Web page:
# Primary ideal

In mathematics, specifically commutative algebra, a proper ideal *Q* of a commutative ring *A* is said to be **primary** if whenever *xy* is an element of *Q* then *x* or *y*^{n} is also an element of *Q*, for some *n>0*. For example, in the ring of integers **Z**, (*p*^{n}) is a primary ideal if *p* is a prime number.

The notion of primary ideals is important in commutative ring theory because every ideal of a Noetherian ring has a primary decomposition, that is, can be written as an intersection of finitely many primary ideals. This result is known as the Lasker–Noether theorem. Consequently,[1] an irreducible ideal of a Noetherian ring is primary.

Various methods of generalizing primary ideals to noncommutative rings exist,[2] but the topic is most often studied for commutative rings. Therefore, the rings in this article are assumed to be commutative rings with identity.

## Examples and properties

- The definition can be rephrased in a more symmetric manner: an ideal is primary if, whenever , we have either or or . (Here denotes the radical of .)
- An ideal
*Q*of*R*is primary if and only if every zero divisor in*R/Q*is nilpotent. (Compare this to the case of prime ideals, where*P*is prime if and only if every zero divisor in*R/P*is actually zero.) - Any prime ideal is primary, and moreover an ideal is prime if and only if it is primary and semiprime.
- Every primary ideal is primal.[3]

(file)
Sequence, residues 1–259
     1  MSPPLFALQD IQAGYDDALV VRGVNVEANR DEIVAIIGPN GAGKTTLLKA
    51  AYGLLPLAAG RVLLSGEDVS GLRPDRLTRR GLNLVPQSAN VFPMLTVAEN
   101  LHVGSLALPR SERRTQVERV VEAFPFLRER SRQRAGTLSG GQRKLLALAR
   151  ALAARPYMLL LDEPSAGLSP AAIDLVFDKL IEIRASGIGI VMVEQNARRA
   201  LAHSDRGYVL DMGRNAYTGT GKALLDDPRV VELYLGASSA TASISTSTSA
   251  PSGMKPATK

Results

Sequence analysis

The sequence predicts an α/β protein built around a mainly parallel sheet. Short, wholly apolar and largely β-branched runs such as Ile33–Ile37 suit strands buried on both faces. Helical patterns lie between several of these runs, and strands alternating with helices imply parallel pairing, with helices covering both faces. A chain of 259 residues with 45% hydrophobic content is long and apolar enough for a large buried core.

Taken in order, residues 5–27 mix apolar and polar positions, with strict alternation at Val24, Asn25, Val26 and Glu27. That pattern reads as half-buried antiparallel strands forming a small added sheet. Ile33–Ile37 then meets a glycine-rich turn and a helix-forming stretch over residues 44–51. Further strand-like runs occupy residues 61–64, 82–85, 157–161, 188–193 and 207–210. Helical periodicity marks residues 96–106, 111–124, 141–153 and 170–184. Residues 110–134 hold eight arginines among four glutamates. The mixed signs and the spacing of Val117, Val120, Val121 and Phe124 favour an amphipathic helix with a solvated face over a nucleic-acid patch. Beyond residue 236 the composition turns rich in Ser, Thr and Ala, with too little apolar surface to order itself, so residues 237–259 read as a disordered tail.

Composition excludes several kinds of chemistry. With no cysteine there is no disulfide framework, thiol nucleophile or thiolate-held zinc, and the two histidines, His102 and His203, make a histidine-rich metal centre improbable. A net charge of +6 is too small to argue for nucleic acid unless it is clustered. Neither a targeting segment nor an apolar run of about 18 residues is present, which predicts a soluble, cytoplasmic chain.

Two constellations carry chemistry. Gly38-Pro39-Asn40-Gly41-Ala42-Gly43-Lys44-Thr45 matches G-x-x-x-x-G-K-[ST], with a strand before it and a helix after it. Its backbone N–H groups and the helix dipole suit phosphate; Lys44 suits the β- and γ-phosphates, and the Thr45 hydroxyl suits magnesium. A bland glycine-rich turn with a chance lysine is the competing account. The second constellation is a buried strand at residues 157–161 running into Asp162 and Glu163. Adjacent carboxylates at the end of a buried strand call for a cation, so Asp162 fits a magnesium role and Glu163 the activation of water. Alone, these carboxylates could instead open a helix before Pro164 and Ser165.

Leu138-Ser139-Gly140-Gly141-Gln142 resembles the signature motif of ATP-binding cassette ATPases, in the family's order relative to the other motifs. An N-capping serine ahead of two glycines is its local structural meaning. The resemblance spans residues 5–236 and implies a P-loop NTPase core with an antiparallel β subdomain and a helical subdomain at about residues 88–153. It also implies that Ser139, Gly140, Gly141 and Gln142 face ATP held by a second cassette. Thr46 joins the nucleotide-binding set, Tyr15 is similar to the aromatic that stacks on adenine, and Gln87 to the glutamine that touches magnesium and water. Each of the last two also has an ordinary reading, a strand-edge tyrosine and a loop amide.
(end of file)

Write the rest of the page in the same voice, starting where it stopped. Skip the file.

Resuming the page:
- If
*Q*is a primary ideal, then the radical of*Q*is necessarily a prime ideal*P*, and this ideal is called the associated prime ideal of*Q*. In this situation,*Q*is said to be.*P*-primary- On the other hand, an ideal whose radical is prime is not necessarily primary: for example, if , , and , then is prime and , but we have , , and for all n > 0, so is not primary. The primary decomposition of is ; here is -primary and is -primary.
- An ideal whose radical is
*maximal*, however, is primary. - Every ideal Q with radical P
*is*contained in a smallest P-primary ideal: all elements a such that*ax*∈*Q*for some*x*∉*P*. The smallest P-primary ideal containing*P*^{n}is called the nth**symbolic power**of P.

- An ideal whose radical is

- On the other hand, an ideal whose radical is prime is not necessarily primary: for example, if , , and , then is prime and , but we have , , and for all n > 0, so is not primary. The primary decomposition of is ; here is -primary and is -primary.
- If
*P*is a maximal prime ideal, then any ideal containing a power of*P*is*P*-primary. Not all*P*-primary ideals need be powers of*P*; for example the ideal (*x*,*y*^{2}) is*P*-primary for the ideal*P*= (*x*,*y*) in the ring*k*[*x*,*y*], but is not a power of*P*. - If
*A*is a Noetherian ring and*P*a prime ideal, then the kernel of , the map from*A*to the localization of*A*at*P*, is the intersection of all*P*-primary ideals.[4]

## Footnotes

- To be precise, one usually uses this fact to prove the theorem.
- See the references to Chatters-Hajarnavis, Goldman, Gorton-Heatherly, and Lesieur-Croisot.
- For the proof of the second part see the article of Fuchs.
- Atiyah-Macdonald, Corollary 10.21

## References

- Atiyah, Michael Francis; Macdonald, I.G. (1969),
*Introduction to Commutative Algebra*, Westview Press, p. 50, ISBN 978-0-201-40751-8 - Chatters, A. W.; Hajarnavis, C. R. (1971), "Non-commutative rings with primary decomposition",
*Quart. J. Math. Oxford Ser. (2)*,**22**: 73–83, doi:10.1093/qmath/22.1.73, ISSN 0033-5606, MR 0286822 - Goldman, Oscar (1969), "Rings and modules of quotients",
*J. Algebra*,**13**: 10–47, doi:10.1016/0021-8693(69)90004-0, ISSN 0021-8693, MR 0245608 - Gorton, Christine; Heatherly, Henry (2006), "Generalized primary rings and ideals",
*Math. Pannon.*,**17**(1): 17–28, ISSN 0865-2090, MR 2215638 - On primal ideals, Ladislas Fuchs
- Lesieur, L.; Croisot, R. (1963),
*Algèbre noethérienne non commutative*(in French), Mémor. Sci. Math., Fasc. CLIV. Gauthier-Villars & Cie, Editeur -Imprimeur-Libraire, Paris, p. 119, MR 0155861